Evaluating the role of fire disturbance in structuring small reptile communities in temperate forests

  • Published source details Hu Y., Urlus J., Gillespie G., Letnic M. & Jessop T.S. (2013) Evaluating the role of fire disturbance in structuring small reptile communities in temperate forests. Biodiversity and Conservation, 22, 1949–1963.


This study is summarised as evidence for the following.

Action Category

Use prescribed burning: Forest, open woodland & savanna

Action Link
Reptile Conservation
  1. Use prescribed burning: Forest, open woodland & savanna

    A replicated, site comparison study in 2008–2011 of 74 temperate woodland sites Victoria, Australia (Hu et al. 2013) found that reptile abundance but not species richness increased with time since fire. Reptile abundance was lower in sites that were burned more recently and higher in sites with a longer time since burning (results reported as model outputs, see paper for details). Species richness was similar in recently burned sites compared to long-term unburned sites. A total of 2,691 reptiles of 14 species (10 lizards and 4 snakes) were captured. In summer 2008–2011, reptiles were surveyed in 74 sites ranging recently burned (0 years since fire) to approximately 80 years post-burn. Fire histories included both prescribed burning and wildfires. Surveys were carried out using drift fences with pitfall traps (14,084 total trap nights). Sites were used for a maximum of two seasons.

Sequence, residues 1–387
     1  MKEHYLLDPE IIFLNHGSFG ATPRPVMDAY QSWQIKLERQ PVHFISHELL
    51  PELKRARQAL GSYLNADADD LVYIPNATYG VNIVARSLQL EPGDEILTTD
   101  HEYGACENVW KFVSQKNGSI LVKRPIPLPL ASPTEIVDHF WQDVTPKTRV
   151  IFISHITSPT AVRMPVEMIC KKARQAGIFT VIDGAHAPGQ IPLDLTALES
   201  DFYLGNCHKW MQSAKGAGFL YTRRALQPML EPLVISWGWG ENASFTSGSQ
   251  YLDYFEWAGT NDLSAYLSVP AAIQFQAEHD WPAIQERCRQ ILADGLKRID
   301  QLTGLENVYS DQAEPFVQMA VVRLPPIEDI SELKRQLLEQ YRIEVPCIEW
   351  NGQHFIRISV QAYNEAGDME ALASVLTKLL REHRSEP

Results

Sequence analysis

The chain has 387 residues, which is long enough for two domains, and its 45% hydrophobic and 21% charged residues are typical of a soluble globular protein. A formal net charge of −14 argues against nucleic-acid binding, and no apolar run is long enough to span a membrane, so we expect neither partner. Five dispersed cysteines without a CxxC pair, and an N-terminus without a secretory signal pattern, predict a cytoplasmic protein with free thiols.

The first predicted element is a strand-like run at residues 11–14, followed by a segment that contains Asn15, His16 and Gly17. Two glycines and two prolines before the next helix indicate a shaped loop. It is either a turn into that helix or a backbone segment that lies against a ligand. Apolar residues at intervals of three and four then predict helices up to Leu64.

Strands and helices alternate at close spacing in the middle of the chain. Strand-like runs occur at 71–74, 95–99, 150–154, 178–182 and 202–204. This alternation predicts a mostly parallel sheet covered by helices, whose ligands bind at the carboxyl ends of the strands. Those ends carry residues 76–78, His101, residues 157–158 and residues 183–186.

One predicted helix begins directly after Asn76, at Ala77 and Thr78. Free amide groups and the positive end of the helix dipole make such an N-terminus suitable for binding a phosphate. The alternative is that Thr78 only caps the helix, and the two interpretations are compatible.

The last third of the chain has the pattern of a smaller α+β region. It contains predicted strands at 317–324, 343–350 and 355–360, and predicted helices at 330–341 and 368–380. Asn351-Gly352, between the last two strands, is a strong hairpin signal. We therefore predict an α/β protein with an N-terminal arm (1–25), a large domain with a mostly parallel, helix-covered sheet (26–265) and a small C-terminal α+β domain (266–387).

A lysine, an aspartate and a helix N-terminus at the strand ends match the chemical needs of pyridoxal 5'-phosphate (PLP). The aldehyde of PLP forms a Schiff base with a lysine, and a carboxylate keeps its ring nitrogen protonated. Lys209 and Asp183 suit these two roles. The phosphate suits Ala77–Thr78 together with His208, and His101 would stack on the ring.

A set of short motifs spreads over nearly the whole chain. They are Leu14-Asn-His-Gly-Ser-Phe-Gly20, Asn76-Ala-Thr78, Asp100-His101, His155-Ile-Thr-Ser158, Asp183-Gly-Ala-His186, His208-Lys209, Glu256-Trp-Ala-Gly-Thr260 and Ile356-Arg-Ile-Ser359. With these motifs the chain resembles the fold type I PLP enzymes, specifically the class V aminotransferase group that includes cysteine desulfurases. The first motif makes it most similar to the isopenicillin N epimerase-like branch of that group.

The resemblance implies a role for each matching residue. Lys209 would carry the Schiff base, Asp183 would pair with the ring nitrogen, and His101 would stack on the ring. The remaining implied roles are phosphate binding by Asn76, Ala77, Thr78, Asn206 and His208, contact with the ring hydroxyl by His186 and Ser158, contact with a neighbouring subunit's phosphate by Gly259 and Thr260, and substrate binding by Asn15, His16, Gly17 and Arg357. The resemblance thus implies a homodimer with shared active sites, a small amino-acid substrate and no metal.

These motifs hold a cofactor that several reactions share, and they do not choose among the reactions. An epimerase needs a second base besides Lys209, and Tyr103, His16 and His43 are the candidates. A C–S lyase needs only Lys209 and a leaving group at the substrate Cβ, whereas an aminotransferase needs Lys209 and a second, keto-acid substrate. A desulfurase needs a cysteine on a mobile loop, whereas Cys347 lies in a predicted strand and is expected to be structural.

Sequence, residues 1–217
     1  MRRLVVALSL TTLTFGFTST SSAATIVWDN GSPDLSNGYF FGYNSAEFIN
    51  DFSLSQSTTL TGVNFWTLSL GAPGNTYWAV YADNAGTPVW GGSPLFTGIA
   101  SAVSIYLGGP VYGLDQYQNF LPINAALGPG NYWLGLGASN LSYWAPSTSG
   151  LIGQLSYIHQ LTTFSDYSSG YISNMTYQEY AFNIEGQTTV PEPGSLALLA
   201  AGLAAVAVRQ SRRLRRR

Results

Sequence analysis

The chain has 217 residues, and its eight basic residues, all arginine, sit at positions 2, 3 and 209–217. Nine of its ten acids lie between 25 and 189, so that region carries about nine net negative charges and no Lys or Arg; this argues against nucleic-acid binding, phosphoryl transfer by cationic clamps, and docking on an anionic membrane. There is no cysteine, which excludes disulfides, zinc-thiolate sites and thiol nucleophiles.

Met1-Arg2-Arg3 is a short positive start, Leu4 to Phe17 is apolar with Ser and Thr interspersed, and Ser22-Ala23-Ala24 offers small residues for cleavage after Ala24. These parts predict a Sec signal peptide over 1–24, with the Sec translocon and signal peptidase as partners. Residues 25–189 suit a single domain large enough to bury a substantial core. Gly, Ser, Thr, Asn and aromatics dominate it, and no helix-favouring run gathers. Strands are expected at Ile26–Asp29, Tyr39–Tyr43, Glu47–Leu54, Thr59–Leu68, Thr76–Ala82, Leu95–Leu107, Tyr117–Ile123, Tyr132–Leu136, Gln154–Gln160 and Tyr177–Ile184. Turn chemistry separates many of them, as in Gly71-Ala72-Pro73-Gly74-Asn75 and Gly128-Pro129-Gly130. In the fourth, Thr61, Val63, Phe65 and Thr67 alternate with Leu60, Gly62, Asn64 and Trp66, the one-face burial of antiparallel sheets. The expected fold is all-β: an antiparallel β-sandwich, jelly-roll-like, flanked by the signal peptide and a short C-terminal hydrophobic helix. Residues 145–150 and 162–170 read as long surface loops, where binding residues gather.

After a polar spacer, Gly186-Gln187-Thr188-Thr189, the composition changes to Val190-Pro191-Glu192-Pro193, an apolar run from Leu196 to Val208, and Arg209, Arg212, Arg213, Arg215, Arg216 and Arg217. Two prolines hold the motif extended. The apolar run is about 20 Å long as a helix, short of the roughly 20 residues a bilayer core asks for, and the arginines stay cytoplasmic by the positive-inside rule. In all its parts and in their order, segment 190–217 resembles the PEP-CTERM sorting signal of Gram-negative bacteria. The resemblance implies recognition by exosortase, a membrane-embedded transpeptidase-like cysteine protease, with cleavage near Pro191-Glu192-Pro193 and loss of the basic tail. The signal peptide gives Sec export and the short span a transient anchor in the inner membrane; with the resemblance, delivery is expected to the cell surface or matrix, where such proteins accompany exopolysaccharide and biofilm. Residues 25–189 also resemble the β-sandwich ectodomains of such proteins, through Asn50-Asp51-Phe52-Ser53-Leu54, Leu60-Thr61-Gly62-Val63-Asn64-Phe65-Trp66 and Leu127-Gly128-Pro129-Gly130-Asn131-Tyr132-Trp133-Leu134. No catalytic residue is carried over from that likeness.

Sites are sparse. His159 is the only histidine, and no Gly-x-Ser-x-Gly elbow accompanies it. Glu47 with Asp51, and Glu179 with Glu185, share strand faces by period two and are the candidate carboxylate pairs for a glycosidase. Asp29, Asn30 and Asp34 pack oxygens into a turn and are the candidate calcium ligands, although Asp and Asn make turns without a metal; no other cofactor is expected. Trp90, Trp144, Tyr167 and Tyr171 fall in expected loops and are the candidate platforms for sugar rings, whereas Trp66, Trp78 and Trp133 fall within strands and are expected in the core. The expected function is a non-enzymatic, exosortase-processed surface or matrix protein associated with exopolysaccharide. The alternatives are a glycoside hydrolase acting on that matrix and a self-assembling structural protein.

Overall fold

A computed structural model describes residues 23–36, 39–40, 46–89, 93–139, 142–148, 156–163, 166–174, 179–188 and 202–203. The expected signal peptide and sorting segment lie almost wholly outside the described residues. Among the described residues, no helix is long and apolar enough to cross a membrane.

(Summarised by: Maggie Watson, Katie Sainsbury)

Output references
What Works 2021 cover

What Works in Conservation

What Works in Conservation provides expert assessments of the effectiveness of actions, based on summarised evidence, in synopses. Subjects covered so far include amphibians, birds, mammals, forests, peatland and control of freshwater invasive species. More are in progress.

More about What Works in Conservation

Download free PDF or purchase
The Conservation Evidence Journal

The Conservation Evidence Journal

An online, free to publish in, open-access journal publishing results from research and projects that test the effectiveness of conservation actions.

Read the latest volume: Volume 21

Go to the CE Journal

Discover more on our blog

Our blog contains the latest news and updates from the Conservation Evidence team, the Conservation Evidence Journal, and our global partners in evidence-based conservation.

Who uses Conservation Evidence?

Meet some of the evidence champions

Endangered Landscape ProgrammeRed List Champion - Arc Kent Wildlife Trust The Rufford Foundation Save the Frogs - Ghana Mauritian Wildlife Supporting Conservation Leaders
Sustainability Dashboard National Biodiversity Network Frog Life The international journey of Conservation - Oryx Cool Farm Alliance UNEP AWFA Bat Conservation InternationalPeople trust for endangered species Vincet Wildlife Trust